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Former good articleLipid was one of the Natural sciences good articles, but it has been removed from the list. There are suggestions below for improving the article to meet the good article criteria. Once these issues have been addressed, the article can be renominated. Editors may also seek a reassessment of the decision if they believe there was a mistake.
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Lipids are fatty acid esters... and cholesterol as lipid[edit]

Most of what I have seen counts cholesterol lipids, and this page in fact does so when it lists the hydrophobic and hydrophilic groups, but cholesterol is definitely not a fatty acid ester.

Jedi Dan, Cholesterol molecules are not lipids. They are actually a series of circular hydrocarbon molecules, each bonded together. I cant remember exactly what cholesterol looks like, but cholesterol and the steroid hormones derived from it typically have hydroxyl (OH), ketone/aldehyde (C=O) and methyl groups on them.

What he said is correct, assuming R1' to be a hydrocarbon chain (except the last carbon atom) and R2' to be a glycerol molecule, you could show it to be R1'-CO-O-R2' where the CO is a double bond. Check out the links below, they would probably explain better than I can in text.

Read more about steroid hormones/cholesterol at

Read more about triglycerides at

  • I too have generally thought cholesterol and steroids as not being "lipids". However, the following passage appears in General Chemistry Online!: "lipid. A diverse group of organic molecules that contain long hydrocarbon chains or rings and are hydrophobic. Examples are fats, oils, waxes, and steroids." Likewise the Drug Discovery & Development Glossary states that a lipid is "an oil-soluble molecule such as a fatty acid or steroid." If on the other hand one looks at the IUPAC Nomenclature Recommendations, lipids and steroids are classed differently. Under IUPAC Nomenclature, lipids are a class of molecules that includes fatty acids, neutral fats, long-chain alcohols, long-chain bases, phospholipids, glycolipids and neuraminic acid. Therefore, I'd say that "lipids include steroids when the term (lipid) is used in a colloquial sense; however, from an organic chemistry nomenclature point of view, steroids are formally excluded from the lipid-class of molecules." Courtland 01:52, 2005 Mar 8 (UTC)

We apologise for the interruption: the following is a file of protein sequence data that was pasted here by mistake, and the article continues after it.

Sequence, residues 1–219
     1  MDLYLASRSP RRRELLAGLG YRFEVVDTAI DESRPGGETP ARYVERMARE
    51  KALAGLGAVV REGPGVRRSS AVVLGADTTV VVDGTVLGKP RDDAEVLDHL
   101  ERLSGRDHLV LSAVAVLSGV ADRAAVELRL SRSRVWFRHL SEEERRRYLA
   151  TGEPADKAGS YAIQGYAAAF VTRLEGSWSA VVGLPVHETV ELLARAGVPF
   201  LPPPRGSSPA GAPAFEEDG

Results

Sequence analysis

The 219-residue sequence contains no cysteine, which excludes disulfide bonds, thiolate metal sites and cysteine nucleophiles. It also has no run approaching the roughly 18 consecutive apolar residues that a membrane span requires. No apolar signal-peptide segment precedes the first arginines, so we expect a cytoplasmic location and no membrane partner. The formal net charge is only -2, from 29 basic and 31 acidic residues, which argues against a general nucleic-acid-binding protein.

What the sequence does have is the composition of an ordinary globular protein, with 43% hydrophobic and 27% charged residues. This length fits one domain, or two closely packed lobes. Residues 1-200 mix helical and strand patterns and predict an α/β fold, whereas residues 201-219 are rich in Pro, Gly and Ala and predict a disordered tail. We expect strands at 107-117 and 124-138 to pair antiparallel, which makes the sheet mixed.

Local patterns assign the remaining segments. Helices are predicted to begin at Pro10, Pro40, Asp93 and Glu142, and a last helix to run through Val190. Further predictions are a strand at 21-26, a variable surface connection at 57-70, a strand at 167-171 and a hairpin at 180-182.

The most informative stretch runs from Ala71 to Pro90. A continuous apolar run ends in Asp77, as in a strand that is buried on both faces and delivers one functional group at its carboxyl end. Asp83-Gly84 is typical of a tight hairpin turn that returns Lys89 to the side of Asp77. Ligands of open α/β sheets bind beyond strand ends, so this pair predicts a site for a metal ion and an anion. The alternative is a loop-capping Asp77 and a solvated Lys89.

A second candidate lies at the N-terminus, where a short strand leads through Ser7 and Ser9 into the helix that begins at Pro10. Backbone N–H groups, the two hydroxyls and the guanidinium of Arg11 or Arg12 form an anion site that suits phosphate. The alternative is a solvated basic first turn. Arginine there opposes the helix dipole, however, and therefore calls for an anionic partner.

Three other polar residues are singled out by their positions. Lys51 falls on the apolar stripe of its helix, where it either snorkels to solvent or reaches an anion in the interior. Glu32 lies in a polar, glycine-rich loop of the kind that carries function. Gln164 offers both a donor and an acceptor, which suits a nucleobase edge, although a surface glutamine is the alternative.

• Here's a more concise view which is part of the IUPAC Glossary of Class Names, the Lipid entry, which goes into specifics of what is included in the class: Now this page says that the term lipid is "a loosely defined term for substances of biological origin that are soluble in nonpolar solvents. They consist of saponifiable lipids, such as glycerides (fats and oils) and phospholipids, as well as nonsaponifiable lipids, principally steroids." Therefore, steroids are lipids afterall and their separation in the IUPAC nomenclature does not indicate they are unrelated. Courtland 02:03, 2005 Mar 8 (UTC)

Sometimes categories can be incompletely congruent in different contexts. For example, cholesterol is always considered a lipid in a medical context, and this would be a common reason for a reader to look at this article. We need a section on cholesterol and other sterols explaining how they differ from triglycerides and in what contexts they are or are not considered lipids. alteripse 14:07, 24 December 2005 (UTC)Reply[reply]

Cholesterol is a lipid... in all contexts. The problem is that the term lipid refers to a huge variety of hydrophobic biomolecules, which is why things as dissimilar as fatty acids and sterols are classified as lipids. GFP 06:09, 16 June 2006 (UTC)Reply[reply]

More 'What is a lipid?'[edit]

Others have noticed that there is no general agreement on the term 'lipid'. W. Christie's review What is a Lipid? is useful. Given that there are so many definitions out there, and that so many of them are vague, this article just needs to pick one, lay out its reasoning, make explicit what's ruled in or out, and note that there are other common definitions. David.Throop 17:37, 5 January 2007 (UTC)Reply[reply]